Trump out to ‘sabotage’ U.S. Census, Alex Padilla tells Democrats
TOP DOGS AT THE CAPITOL
The 2017-2018 legislative session is effectively over and focus has shifted to the November election. With a new governor coming to power in the coming months, it’s worth examining which lawmakers have had the most success implementing their agenda. Paul Payne of Sen. Bill Dodd’s office crunched the numbers.
Over the last two years, 1,875 bills have cleared Gov. Jerry Brown’s desk. Here are the lawmakers who have authored the most laws:
T-1 — Sen. Ricardo Lara, D-Bell Gardens (34 bills)
T-1 — Assemblyman Evan Low, D-Campbell (34)
T-3 — Dodd, D-Napa (31)
T-3 — Sen. Jerry Hill, D-San Mateo (31)
T-5 — Assemblywoman Cecilia M. Aguiar-Curry, D-Winters (29)
T-5 — Sen. Bob Hertzberg, D-Los Angeles (29)
7 — Assemblyman Richard Bloom, D-Santa Monica (27)
T-8 — Sen. Hannah-Beth Jackson, D-Santa Barbara (26)
T-8 — Sen. Mike McGuire, D-Healdsburg (26)
T-10 — Assemblyman Marc Berman, D-Palo Alto (25)
T-10 — Assemblywoman Monique Limón, D-Goleta (25)
T-10 — Assemblyman Mark Stone, D-Scotts Valley (25)
*Note: The Republican with the with the most bills signed was Assemblyman Brian Maienschein of San Diego, with 24.
MAIL BALLOTS ON THE WAY
Your vote-by-mail ballots are on the way, according to the Secretary of State’s Office. If you’ve registered to vote by mail but haven’t received your ballot, you should contact your county elections office. Remember to sign the return envelope before returning your mail ballot.
Voters in Madera, Napa, Nevada, Sacramento and San Mateo counties will automatically receive a ballot by mail. As part of a new experiment, voters in these counties can vote in person at any vote center. Regional centers are replacing neighborhood polling places.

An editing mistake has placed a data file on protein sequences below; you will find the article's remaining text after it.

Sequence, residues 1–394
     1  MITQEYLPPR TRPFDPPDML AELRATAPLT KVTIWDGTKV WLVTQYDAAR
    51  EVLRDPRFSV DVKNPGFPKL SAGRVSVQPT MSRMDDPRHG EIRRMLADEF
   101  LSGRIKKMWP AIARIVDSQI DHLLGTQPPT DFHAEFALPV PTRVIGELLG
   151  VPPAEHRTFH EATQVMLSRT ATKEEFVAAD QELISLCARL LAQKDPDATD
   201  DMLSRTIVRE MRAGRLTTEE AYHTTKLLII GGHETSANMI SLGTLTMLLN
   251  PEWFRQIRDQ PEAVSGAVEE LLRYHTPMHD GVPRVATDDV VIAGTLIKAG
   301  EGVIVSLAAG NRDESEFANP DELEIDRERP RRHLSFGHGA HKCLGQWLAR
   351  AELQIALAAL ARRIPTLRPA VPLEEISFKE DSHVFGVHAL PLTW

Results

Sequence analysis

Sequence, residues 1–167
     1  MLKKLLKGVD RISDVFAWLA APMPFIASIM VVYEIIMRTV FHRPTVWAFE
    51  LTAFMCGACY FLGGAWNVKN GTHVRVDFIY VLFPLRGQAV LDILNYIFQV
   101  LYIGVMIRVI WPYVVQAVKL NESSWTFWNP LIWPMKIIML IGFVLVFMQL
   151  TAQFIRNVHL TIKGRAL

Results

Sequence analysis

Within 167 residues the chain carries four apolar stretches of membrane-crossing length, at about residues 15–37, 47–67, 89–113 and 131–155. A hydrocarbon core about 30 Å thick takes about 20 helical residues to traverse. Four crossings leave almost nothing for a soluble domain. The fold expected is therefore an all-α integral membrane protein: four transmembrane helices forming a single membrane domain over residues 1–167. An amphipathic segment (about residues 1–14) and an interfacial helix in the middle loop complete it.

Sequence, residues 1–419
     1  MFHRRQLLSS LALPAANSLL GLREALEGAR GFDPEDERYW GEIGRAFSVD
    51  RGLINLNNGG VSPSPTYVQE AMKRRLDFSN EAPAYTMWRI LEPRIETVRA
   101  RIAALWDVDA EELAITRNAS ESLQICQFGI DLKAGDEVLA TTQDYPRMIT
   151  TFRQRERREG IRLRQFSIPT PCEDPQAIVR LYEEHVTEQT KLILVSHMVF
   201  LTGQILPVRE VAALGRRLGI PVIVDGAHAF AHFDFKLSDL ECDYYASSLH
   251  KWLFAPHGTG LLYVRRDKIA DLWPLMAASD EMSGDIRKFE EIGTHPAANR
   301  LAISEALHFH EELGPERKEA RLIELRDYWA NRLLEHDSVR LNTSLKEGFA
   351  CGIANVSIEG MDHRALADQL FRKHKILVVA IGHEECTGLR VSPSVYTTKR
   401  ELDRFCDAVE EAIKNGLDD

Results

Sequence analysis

CA VULNERABLE TO CENSUS UNDERCOUNT
California could be in big trouble when residents receive the 2020 Census. Three in four Californians belong to at least one of the populations that are historically undercounted, according to a new report from the Public Policy Institute of California. An undercounting in the Census could prompt California to receive fewer federal dollars and less representation in Congress. While PPIC says California is on track to maintain its 53 seats in the House of Representatives, “the state could easily lose a seat” if traditionally hard-to-count populations and immigrant communities are not reached.
TWEET OF THE DAY
Jennifer Fearing (@Jennifer Fearing) — “BREAKING: @SenFeinstein calls on @forestservice to halt sale of wild horses in California until concerns over potential horse slaughter are addressed. Over 1,000 horses in Devil’s Garden (@ModocNF) at risk.”
INFLUENCER OF THE DAY
Did Jerry Brown make the right decisions on #metoo bills? Influencers have plenty to say.
“Governor Brown and California’s legislature are again leading the nation by enacting laws that increase protections for women, and workers generally, in the face of systemic abuse and harassment. The bills were part of a package referred to as @TakeTheLead in response to the outpouring of sexual misconduct claims during the past year and aim to prevent workplace harassment and help victims of sexual misconduct seek justice. They increase workplace training, education and prevention activities and strengthen the ability of workers to bring forward claims. While the governor vetoed a number of related bills, signing this package into law is a bold statement about our values to protect and defend the most vulnerable.”
— Monica Lozano, President and CEO, California Futures Foundation
The Sacramento Bee Editorial Board releases its endorsements for Citrus Heights City Council.
Carl DeMaio, a former San Diego City Council member and sponsor of Proposition 6, urges California voters to support Proposition 6.
Brian Rice, president of the California Professional Firefighters, wants voters to oppose Proposition 6.